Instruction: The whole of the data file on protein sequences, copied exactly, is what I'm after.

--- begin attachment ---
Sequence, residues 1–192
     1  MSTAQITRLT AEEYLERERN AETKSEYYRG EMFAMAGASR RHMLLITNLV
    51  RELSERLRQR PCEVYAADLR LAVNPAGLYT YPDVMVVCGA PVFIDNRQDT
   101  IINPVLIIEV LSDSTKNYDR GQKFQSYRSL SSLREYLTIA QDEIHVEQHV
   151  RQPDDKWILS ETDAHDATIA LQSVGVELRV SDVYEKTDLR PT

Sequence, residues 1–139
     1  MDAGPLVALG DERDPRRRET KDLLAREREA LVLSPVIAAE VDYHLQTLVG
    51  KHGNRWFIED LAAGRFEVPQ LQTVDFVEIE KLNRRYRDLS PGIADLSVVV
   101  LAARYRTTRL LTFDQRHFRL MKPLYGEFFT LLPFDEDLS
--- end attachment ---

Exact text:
Sequence, residues 1–192
     1  MSTAQITRLT AEEYLERERN AETKSEYYRG EMFAMAGASR RHMLLITNLV
    51  RELSERLRQR PCEVYAADLR LAVNPAGLYT YPDVMVVCGA PVFIDNRQDT
   101  IINPVLIIEV LSDSTKNYDR GQKFQSYRSL SSLREYLTIA QDEIHVEQHV
   151  RQPDDKWILS ETDAHDATIA LQSVGVELRV SDVYEKTDLR PT

Sequence, residues 1–139
     1  MDAGPLVALG DERDPRRRET KDLLAREREA LVLSPVIAAE VDYHLQTLVG
    51  KHGNRWFIED LAAGRFEVPQ LQTVDFVEIE KLNRRYRDLS PGIADLSVVV
   101  LAARYRTTRL LTFDQRHFRL MKPLYGEFFT LLPFDEDLS